Set a new course towards peace and away from nuclear threats

by Jennifer Philpot Nissen last modified 13 November 2017 06:14 PM
Set a new course towards peace and away from nuclear threats

Members of a WCC delegation joined with the population of Nagasaki in commemoration of the victims of nuclear war, 8 August 2015. Photo: Johannes Minkus /WCC

21 September 2017

Only a handful of “Hibakusha” – the victims of the Hiroshima and Nagasaki atomic bombs – remain with us in 2017. These men and women represent a living link, eye witnesses, to the otherwise unimaginable capacities of the most deadly weapon of mass destruction ever used.

Setsuko Thurlow is one such witness and survivor who has campaigned for the total elimination of nuclear weapons all her life. “We feel it is imperative to tell the younger generation of that terrible dawn of the nuclear age… it is exceedingly painful to do this because I become overwhelmed by my memories of grotesque and massive destruction and death.”

Ms Thurlow, now approaching 90, participated in negotiations at the UN in New York this summer which led to the adoption of a Treaty on the Prohibition of all Nuclear Weapons, or “Ban Treaty”. Members of the Commission of the Churches on International Affairs, and of the Ecumenical Peace Advocacy Network of the World Council of Churches were active throughout the 3 weeks of meetings, advocating for the negotiations and for specific human-centered provisions in the treaty, of which there are many.

Dr. Emily Welty, Vice-Chair of the WCC Commission of the Churches on International Affairs described the adoption of the Treaty by 122 states as an “historic achievement which acknowledges the unconscionable suffering of those affected by nuclear weapons use and testing.” She added “The treaty sets a course to ensures that nuclear weapons will never be used under any circumstances. It has been an honour for World Council of Churches to accompany the process and to highlight the voices of the hibakusha and indigenous groups who cry out for justice.”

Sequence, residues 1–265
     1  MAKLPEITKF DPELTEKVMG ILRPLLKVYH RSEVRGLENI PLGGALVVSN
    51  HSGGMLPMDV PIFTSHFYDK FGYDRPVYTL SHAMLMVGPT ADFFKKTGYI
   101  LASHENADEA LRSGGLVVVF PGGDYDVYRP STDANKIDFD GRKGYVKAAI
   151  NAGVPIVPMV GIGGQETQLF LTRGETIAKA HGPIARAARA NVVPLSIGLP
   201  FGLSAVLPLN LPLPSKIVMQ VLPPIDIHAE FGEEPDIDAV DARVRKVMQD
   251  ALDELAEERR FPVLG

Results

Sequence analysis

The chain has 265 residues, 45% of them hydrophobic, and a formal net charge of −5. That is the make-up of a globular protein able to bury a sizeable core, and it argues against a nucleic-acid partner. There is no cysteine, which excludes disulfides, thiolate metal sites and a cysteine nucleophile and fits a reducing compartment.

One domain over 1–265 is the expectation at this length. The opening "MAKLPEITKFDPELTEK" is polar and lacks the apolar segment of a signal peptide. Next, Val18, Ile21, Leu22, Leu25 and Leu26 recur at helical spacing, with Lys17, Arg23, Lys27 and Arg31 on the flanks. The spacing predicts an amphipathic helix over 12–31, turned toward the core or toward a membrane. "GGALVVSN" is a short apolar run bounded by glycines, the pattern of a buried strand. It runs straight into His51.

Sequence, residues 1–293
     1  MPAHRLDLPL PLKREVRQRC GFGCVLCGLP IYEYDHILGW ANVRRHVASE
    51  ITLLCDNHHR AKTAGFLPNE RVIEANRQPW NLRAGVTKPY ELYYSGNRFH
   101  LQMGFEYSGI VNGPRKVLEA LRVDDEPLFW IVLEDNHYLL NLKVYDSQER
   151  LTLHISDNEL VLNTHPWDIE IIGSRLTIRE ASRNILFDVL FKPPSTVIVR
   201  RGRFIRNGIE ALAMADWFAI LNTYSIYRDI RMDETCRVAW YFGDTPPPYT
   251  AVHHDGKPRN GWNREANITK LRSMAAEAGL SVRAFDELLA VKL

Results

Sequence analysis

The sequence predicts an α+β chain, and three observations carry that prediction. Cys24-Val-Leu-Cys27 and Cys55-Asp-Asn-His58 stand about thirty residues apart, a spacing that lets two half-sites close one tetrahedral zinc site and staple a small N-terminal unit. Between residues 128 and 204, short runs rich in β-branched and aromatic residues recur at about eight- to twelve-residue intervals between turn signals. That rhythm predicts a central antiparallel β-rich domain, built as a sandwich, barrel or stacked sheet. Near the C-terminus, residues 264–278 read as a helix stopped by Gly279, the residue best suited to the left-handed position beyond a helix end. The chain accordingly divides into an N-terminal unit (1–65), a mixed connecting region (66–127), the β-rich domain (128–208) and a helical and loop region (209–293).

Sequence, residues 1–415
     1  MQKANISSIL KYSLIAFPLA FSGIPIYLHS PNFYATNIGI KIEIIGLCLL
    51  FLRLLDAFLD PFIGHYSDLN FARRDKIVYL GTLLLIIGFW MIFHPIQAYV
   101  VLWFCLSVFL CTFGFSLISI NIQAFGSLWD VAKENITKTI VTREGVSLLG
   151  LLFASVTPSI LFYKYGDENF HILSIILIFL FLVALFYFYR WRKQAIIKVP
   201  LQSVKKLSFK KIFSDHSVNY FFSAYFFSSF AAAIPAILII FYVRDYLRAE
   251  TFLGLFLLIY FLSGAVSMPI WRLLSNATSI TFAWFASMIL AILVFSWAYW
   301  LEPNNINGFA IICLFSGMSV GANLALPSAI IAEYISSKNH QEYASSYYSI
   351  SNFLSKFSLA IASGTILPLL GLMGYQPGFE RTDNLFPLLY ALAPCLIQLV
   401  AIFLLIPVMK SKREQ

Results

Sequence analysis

Since its beginnings, the World Council of Churches has advocated for the prohibition and elimination of nuclear weapons. We encourage and support member churches to become advocates for nuclear disarmament in their own countries and to remind their governments that decisions about nuclear weapons affect the safety and well-being of every person on the planet.

Absent from the negotiations were all 9 nuclear states and the 30 which seek shelter in U.S nuclear deterrence. Nuclear states argue that they would never be the first one to use such a weapon, but the refusal to disarm has led to a continued maintenance, modernization and proliferation of weapons. The consequences of such a weapon falling into the hands of violent ideologists do not bear contemplating. The diversion of resources which could be used for peaceful development has been deplorable.

These States have remained opposed to the Treaty and are now even reported to be exerting pressure on other states not to sign when the Treaty opened for signature this week.

The WCC believes that the Treaty must become an instrument for the widely shared hope of an end to all nuclear weapons, and calls upon all governments to join in signing the accord with those 50 States who signed already on September 20th.  We stand in solidarity with Setsuko Thurlow and the Hibakusha in their reflection that “We survivors have no doubt that this treaty can and will change the world”.


The impressions, hopes and ideas expressed in this blog are the contributions of the authors and do not necessarily reflect the opinion or policies of the World Council of Churches.

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